Long before Tuesday’s vote of 4-1 in Commissioners Court to end the Taylor-based T. Don Hutto Residential Center contract with Immigration and Customs Enforcement and CoreCivic, Inc. (formerly Corrections Corporation of America), much has been written in newspapers and more disseminated through social media concerning this facility.
Why do we have it in Williamson County? Well its history is a circuitous, disjointed story.
Jose Orta, past president of the League of United Latin American Citizens Council in Taylor and an advocate for immigrants, said, “This facility sits on land (Welch St.) originally owned cooperatively by Mexican workers before the 1950s. Denied a place in town to park their trucks during cotton season, the workers pooled their wages to purchase the land, which also became a place to congregate and hold fiestas. Part of this land became Hidalgo Park.”
Between the 1980s and 1990s, Orta said the workers were unable to pay the property taxes and donated the land to the local Catholic Church, St John Vianney, with the understanding that the land would be parish property. Orta explained that the Archdiocese actually owned the land, and in 1995, sold part of it for revenue to CoreCivic, a private prison company.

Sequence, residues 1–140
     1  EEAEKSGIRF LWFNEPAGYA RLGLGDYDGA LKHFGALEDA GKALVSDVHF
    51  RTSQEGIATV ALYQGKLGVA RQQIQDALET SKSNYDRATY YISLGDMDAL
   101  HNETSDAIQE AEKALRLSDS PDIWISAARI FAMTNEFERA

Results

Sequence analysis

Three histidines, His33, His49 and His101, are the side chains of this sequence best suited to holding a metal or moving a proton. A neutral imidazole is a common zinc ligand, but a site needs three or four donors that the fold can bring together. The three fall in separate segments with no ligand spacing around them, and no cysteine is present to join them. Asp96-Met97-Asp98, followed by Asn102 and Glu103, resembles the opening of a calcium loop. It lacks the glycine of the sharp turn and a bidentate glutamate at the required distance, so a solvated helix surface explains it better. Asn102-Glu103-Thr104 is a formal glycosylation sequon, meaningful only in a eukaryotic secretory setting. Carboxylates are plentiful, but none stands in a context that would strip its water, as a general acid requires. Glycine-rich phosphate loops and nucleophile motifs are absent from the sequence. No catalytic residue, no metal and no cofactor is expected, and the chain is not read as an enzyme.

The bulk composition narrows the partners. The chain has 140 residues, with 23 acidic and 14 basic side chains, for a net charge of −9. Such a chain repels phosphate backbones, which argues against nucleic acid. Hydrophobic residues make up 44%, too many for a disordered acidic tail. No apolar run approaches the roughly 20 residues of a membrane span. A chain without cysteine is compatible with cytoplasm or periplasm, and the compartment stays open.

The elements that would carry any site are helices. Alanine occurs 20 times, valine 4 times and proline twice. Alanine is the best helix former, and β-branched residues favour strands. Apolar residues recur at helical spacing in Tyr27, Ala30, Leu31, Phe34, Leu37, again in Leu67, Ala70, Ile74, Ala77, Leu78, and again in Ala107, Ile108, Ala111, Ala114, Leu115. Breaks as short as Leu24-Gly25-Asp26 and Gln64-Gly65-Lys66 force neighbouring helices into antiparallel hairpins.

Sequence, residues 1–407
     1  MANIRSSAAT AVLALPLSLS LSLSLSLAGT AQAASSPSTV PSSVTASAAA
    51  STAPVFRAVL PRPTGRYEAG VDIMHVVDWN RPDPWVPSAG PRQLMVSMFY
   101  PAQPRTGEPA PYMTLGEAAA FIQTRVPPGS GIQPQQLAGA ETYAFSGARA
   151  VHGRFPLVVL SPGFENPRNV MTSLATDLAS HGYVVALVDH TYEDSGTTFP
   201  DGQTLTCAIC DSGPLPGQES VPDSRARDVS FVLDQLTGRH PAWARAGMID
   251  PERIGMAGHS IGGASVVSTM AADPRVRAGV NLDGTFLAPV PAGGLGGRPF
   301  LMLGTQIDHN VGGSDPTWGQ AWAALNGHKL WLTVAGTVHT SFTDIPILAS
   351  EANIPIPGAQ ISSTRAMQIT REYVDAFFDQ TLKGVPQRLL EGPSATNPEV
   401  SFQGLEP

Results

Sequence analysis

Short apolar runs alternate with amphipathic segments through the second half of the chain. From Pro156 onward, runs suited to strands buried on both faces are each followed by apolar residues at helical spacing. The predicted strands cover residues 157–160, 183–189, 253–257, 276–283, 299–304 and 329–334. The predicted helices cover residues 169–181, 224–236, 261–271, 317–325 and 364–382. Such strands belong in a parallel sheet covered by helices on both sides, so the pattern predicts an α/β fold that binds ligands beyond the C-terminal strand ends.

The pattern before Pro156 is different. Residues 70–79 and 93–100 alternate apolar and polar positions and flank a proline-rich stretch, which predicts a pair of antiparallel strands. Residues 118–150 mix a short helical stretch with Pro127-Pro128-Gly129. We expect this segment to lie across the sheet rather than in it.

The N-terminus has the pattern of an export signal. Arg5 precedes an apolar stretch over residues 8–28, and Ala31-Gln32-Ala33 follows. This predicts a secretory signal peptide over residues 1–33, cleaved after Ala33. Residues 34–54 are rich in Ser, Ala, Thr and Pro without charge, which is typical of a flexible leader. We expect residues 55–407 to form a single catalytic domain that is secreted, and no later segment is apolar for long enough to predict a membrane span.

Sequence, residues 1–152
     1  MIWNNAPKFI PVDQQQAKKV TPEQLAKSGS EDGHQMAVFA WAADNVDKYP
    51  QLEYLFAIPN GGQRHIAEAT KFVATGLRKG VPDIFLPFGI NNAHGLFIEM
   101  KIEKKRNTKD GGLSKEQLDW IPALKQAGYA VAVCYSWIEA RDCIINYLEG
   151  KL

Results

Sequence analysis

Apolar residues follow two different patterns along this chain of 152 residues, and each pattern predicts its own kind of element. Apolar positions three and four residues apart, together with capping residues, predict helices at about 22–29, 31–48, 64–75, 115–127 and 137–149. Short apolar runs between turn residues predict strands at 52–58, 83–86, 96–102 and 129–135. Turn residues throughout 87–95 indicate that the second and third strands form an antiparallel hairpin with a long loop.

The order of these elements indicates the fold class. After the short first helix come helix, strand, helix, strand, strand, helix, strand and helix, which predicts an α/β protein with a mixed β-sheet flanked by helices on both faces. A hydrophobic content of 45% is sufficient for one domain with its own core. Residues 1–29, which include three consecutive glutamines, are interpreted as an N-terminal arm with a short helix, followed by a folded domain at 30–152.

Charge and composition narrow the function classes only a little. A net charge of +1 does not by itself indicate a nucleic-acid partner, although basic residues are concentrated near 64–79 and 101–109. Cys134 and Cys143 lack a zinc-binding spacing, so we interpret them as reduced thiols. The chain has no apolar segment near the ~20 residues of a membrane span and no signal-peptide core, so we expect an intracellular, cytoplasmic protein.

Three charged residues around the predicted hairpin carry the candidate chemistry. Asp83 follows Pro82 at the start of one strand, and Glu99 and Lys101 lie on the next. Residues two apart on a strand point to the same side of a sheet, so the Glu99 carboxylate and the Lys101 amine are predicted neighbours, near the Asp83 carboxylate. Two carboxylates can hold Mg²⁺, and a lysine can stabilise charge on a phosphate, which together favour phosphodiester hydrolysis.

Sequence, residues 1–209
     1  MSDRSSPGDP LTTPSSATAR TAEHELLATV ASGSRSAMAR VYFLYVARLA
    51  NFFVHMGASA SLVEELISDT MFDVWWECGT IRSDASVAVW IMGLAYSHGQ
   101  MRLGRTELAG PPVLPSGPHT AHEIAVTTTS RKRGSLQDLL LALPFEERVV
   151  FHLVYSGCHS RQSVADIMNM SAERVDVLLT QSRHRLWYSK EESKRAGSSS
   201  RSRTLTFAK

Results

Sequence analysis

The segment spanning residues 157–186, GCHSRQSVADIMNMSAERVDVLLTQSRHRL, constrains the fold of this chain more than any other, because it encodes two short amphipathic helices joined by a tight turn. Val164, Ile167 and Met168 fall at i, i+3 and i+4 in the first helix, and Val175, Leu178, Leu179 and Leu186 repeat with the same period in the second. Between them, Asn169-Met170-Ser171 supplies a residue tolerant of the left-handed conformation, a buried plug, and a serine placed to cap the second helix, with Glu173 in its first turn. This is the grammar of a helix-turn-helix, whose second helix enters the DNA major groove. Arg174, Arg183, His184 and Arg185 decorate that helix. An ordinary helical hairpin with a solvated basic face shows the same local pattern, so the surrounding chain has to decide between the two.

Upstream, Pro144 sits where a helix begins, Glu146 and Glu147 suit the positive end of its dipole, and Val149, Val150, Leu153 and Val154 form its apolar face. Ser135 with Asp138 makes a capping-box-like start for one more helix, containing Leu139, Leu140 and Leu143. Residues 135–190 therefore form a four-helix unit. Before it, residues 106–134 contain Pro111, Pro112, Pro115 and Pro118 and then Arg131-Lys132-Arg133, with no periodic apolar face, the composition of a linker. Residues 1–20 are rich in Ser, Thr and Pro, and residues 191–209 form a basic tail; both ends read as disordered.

County records show that in 1995, CoreCivic sold the land to a new subsidiary, Taylor Detention Center Corporation, to build a private minimum-security prison. CoreCivic bought back the prison the following year at the end of July.
In July 1997, the prison became the T. Don Hutto Correctional Facility, named after one of the company’s founders. According to Orta, in March 2004, CoreCivic announced it was closing TDH, citing low inmate demand in the region. This was one of several times TDH would be “mothballed” as CoreCivic sought prisoners to house.